Remains of Korean War soldier buried in Mount Vernon
MOUNT VERNON, Ill. (KFVS) - The remains of Army Sgt. Howard G. Malcolm, a soldier killed during the Korean War, were buried in his hometown on Tuesday, July 11.
A native of Mount Vernon, Illinois, Malcolm was a member of Headquarters Company, Ninth Infantry Regiment, 2nd Infantry Division. Malcolm was reported missing in action on December 1, 1950, when he was 23.
Several Prisoners of War who returned in 1953 reported that Malcolm had been a POW who died in August 1951 at POW Camp No. 5.
North Korea returned remains reportedly recovered from Camp No. 5, also known as Pyoktong, to the United Nations Command in 1954 during Operation Glory. However, Malcolm’s name did not appear on any transfer rosters, and was determined non-recoverable in October 1955.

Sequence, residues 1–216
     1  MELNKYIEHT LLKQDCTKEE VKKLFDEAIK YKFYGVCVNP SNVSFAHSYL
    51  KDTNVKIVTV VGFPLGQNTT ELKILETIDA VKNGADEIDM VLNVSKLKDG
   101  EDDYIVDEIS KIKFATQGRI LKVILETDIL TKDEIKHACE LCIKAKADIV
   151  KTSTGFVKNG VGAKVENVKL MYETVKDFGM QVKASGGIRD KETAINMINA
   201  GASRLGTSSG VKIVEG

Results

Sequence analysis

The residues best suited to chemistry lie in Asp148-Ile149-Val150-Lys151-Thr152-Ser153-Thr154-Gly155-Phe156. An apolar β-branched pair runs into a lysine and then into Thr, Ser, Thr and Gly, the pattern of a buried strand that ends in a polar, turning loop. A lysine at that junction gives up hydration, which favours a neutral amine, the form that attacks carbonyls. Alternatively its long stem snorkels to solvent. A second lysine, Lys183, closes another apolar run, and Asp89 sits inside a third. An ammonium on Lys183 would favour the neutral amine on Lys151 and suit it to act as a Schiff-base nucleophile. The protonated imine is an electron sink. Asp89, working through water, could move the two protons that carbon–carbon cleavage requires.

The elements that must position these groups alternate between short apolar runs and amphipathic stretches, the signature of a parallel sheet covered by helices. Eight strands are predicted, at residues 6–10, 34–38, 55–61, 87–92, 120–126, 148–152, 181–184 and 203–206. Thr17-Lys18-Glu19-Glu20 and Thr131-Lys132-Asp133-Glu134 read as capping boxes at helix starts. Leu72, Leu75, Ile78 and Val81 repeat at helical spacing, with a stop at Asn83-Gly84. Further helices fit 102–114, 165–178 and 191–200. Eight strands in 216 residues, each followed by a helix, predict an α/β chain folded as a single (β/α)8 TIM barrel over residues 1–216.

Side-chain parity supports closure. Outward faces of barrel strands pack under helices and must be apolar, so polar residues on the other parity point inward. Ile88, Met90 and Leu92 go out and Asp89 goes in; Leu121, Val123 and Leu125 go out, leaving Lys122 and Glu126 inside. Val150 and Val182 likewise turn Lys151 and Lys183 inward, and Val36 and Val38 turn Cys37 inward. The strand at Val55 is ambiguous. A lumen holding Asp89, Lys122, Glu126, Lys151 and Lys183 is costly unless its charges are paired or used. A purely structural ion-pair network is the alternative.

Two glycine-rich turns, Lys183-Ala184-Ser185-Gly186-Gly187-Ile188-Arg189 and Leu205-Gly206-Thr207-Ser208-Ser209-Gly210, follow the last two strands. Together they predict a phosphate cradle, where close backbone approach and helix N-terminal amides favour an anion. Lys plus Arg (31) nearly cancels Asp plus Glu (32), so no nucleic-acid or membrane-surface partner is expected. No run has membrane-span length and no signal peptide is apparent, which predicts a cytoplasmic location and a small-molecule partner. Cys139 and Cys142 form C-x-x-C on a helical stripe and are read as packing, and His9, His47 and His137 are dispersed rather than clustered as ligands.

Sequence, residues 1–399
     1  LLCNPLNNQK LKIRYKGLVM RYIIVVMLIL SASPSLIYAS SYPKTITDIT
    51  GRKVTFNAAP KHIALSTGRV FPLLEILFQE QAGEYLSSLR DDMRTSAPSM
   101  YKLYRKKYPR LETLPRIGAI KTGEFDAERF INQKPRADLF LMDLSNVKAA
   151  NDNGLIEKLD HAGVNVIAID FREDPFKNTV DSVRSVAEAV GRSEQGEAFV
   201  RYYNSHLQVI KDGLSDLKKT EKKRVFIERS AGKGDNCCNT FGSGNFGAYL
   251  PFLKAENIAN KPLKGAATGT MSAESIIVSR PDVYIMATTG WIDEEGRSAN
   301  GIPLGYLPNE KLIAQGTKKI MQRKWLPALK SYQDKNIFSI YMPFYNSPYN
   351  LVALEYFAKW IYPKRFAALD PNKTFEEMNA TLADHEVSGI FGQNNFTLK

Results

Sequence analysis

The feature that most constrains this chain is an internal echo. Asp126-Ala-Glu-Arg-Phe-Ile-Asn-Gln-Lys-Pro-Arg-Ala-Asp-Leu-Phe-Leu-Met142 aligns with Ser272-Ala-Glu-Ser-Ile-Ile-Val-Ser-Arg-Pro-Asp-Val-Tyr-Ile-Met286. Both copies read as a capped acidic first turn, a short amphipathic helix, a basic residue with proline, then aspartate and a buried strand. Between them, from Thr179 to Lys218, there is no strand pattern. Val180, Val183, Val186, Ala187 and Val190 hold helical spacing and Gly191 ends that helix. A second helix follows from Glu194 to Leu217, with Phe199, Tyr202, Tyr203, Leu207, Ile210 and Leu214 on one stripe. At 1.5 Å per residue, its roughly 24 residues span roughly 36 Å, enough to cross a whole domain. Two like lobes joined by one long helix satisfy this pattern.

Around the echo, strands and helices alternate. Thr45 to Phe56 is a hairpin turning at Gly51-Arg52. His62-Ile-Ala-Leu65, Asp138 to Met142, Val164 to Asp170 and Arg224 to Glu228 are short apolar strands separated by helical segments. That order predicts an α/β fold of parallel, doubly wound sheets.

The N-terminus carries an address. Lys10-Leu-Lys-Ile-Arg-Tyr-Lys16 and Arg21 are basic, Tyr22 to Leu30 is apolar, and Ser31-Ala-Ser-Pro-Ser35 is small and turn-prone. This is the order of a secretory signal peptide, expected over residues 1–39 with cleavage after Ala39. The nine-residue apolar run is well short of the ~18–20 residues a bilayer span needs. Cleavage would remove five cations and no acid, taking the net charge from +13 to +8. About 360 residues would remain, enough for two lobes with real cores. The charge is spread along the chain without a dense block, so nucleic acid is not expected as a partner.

In July 2018, the Defense POW/MIA Accounting Agency planned to disinter 652 Korean War unknowns from the National Memorial Cemetery of the Pacific in Honolulu, Hawaii. Malcolm was accounted for by the DPAA on October 25, 2022, after his remains were identified using chest radiograph comparison as well as dental, anthropological and mitochondrial DNA analysis.
The general manager of Sutherland-Rankin Funeral Home, Myron Lloyd, escorted this soldier home.
It started in Salem, Ill.
The public was encouraged to safely line up on Route 37 from Salem to Mount Vernon to honor Malcolm.
The procession left the funeral home in Salem around 10:30 a.m. on Tuesday and ended at the Beth Memorial Cemetery in Mount Vernon.
Graveside services preceded the interment.
“I cannot imagine,” Lloyd said. “It’s hard enough to have your loved one brought home at death, much less having no idea for 70 plus years where he is--where is my son?”
Funeral director, Amanda Sutherland-Ponyi, agreed with Lloyd’s sentiments.
“We don’t know what all he went through, but his family not knowing where he was and they were able to let him rest here at home--I have so much comfort, knowing that he is home,” Sutherland-Ponyi said.
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